The Help Centre is an extension of the Ecomz website project that I discussed in a previous listing. If you want to go through that project, you can find the project here.

The Ecomz website was live, but we needed to turn our attention towards the Help Centre. My job here was to make sure that the help centre was in line with the new brand experience, and more importantly: Make sure the help centre was actually useful.

I had three key focuses:

  • Get the Help Centre on-brand.
  • Provide a customer support channel for our users.
  • Allow all information to be easily accessible.


If you've been following along from the SaaS project, you'll find it comes as no surprise that I once again found myself in a situation where there were no free developers available.

The initial designs for the help centre were poorly implemented by a developer who frankly didn't have the time to go to the toilet let alone take care of the website. I place no blame on him for the final execution, but now that new website was out, there was no excuse for having a poorly executed help centre.

I once again found myself playing UX Developer, or as my colleagues have come to call me: a Unicorn.

Jobs to Be Done

In comparison to the SaaS website, this project was a lot more laid back. I had already set the foundation and design system. In other words, the hard work was complete, and it was mostly a matter of applying the system to a new user flow, and a different set of experiences.

When I first started, I outlined the following tasks that needed to be complete to consider the project complete:

  • Understand how the Zendesk platform works.
  • Design a user flow focusing on helping users find the information they need.
  • Create a fully structured HTML website.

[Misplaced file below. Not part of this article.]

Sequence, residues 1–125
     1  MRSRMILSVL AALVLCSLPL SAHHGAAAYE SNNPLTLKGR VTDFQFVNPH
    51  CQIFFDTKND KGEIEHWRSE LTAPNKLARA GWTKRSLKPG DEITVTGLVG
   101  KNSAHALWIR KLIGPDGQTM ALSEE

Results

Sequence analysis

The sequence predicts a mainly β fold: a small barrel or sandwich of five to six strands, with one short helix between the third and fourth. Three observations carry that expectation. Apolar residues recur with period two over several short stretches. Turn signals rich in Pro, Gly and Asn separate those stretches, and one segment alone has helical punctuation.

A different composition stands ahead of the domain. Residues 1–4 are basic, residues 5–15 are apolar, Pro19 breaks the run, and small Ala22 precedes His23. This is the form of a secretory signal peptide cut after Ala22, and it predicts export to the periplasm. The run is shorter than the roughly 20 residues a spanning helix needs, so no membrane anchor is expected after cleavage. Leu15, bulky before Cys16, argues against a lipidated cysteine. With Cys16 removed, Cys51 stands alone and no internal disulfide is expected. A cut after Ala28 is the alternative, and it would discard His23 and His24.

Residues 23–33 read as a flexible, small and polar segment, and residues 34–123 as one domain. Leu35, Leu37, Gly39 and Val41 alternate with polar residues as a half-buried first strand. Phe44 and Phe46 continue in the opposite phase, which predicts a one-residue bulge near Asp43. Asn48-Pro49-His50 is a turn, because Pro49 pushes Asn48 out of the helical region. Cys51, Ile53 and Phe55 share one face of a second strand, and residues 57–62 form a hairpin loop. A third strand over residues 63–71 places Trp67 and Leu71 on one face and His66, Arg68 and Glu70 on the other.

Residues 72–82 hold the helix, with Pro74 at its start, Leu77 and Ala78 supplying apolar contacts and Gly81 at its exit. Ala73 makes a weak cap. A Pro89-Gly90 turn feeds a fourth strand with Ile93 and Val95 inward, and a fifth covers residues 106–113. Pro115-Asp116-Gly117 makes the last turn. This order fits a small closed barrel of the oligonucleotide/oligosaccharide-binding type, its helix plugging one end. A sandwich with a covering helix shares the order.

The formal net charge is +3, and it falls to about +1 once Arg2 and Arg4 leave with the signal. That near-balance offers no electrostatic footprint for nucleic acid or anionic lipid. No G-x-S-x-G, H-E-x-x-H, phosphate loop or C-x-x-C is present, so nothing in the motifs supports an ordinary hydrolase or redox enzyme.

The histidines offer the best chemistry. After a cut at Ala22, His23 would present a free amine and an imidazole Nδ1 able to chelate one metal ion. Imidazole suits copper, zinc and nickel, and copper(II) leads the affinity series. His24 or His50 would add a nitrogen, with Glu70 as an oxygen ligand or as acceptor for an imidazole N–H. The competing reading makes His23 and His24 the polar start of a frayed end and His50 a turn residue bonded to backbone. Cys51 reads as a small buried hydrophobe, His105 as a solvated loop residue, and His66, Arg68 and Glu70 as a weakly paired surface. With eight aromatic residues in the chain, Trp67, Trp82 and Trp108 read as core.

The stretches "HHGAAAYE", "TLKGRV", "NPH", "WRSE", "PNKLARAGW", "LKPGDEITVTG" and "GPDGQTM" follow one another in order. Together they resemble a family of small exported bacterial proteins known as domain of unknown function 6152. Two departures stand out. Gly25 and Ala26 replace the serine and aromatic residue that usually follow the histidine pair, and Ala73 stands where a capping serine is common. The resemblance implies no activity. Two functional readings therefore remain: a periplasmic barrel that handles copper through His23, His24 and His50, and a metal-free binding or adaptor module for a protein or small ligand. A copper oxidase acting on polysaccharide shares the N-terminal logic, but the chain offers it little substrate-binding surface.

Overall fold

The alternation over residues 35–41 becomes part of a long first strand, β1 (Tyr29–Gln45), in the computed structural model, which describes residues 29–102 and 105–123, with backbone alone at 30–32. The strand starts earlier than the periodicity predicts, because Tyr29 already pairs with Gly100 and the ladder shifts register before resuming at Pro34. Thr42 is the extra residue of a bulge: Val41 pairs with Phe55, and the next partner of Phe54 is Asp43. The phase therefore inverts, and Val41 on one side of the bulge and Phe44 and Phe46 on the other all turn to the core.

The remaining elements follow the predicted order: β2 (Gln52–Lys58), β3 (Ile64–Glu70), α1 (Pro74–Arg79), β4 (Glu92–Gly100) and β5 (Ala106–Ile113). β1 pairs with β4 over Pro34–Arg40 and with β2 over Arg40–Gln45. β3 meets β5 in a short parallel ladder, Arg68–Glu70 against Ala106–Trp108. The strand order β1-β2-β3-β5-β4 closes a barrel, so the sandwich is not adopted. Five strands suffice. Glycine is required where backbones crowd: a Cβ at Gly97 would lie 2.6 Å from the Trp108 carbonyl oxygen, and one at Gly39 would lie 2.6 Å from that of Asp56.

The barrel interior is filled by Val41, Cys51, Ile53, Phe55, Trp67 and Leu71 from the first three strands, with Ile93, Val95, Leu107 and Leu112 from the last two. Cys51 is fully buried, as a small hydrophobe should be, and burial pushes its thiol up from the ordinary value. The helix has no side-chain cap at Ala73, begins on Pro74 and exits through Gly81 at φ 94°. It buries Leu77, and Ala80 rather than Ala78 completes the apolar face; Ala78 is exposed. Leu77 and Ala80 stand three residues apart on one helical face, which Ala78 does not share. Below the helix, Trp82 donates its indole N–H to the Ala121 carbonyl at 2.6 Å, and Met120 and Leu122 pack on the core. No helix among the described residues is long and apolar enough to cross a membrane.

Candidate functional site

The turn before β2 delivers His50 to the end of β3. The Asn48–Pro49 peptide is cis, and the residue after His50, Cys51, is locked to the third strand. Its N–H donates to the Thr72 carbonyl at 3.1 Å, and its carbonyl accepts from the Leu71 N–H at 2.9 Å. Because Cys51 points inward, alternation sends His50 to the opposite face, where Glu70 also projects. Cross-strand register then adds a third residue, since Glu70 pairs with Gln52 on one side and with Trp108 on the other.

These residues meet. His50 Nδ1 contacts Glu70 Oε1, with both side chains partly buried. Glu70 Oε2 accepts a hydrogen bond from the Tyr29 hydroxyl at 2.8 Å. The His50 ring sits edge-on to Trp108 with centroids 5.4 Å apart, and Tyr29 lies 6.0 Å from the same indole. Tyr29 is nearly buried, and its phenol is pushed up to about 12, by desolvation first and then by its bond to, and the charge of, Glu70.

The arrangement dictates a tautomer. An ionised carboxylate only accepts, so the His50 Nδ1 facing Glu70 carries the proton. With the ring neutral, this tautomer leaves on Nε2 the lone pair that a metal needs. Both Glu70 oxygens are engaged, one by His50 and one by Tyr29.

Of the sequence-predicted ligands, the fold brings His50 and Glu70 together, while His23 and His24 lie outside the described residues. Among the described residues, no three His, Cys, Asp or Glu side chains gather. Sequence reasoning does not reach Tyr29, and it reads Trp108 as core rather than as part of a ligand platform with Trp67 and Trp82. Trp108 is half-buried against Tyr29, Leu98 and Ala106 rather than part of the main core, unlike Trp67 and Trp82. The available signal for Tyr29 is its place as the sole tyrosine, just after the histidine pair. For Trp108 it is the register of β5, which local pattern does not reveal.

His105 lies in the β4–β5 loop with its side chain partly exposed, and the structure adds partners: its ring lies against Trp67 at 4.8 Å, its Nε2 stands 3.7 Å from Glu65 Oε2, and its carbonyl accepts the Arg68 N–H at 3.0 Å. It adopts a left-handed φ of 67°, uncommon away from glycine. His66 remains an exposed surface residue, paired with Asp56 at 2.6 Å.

• Link the frontend to the backend.


Branding colours

To boost brand experience and recognition, I used the brandmark that we had initially set up for the SaaS website.

Brandmark show casing the colours forming the identity and look-and-feel of the website Brandmark show casing the colours forming the identity and look-and-feel of the website


The typography used in the Help Centre uses the same typographic scale system I set up in the SaaS website.

I set all the H1 tags in TTSuperMolot to stay in line with the brand guidelines.

The selected typeface for the main header or H1 tag is TTSuperMolot The selected typeface for the main header or H1 tag is TTSuperMolot

Similarly, I also set the rest of the Heading tags and Body text elements in Roboto.

The selected typeface for all body content is Roboto in different forms ranging from light to semibold The selected typeface for all body content is Roboto in different forms ranging from light to semibold

We've finished setting the brand guidelines and showed two live examples. It's important to note that when the company received the new brand guidelines, they only ever received two different font choices, but no identity guidelines.

I documented the Help Centre and SaaS website to enable the Marketing team to use them as brand guidelines. I daresay I did a successful job doing so as I no longer receive questions about brand guidelines, nor am I finding myself needing to forward my comments to the Marketing team.

The Design Process

The Research

Just as was the case with the SaaS website, I cannot share the research details, but I will be sharing blog posts in the future that focus on what makes a help centre useful. I'll be sure to link the posts to this section in the future. The following are some of my findings based on research and qualitative user research:


Based on the research I conducted, I found the following criteria I needed to meet to make sure the help centre proves useful:

  • The information has to be easy to find (and accessible).
  • The information has to be structured.
  • We need to tag content with words used by our users in their search queries.
  • The search bar needs to stand out, and we need to prioritize it. The search bar is the main element that will allow users to find the answers they're seeking.
  • The FAQ is the second important element in the website. We can answer 80% of user questions through 20% of our documented answers.

The Wireframes

The criteria established above created the wireframes I needed to get started.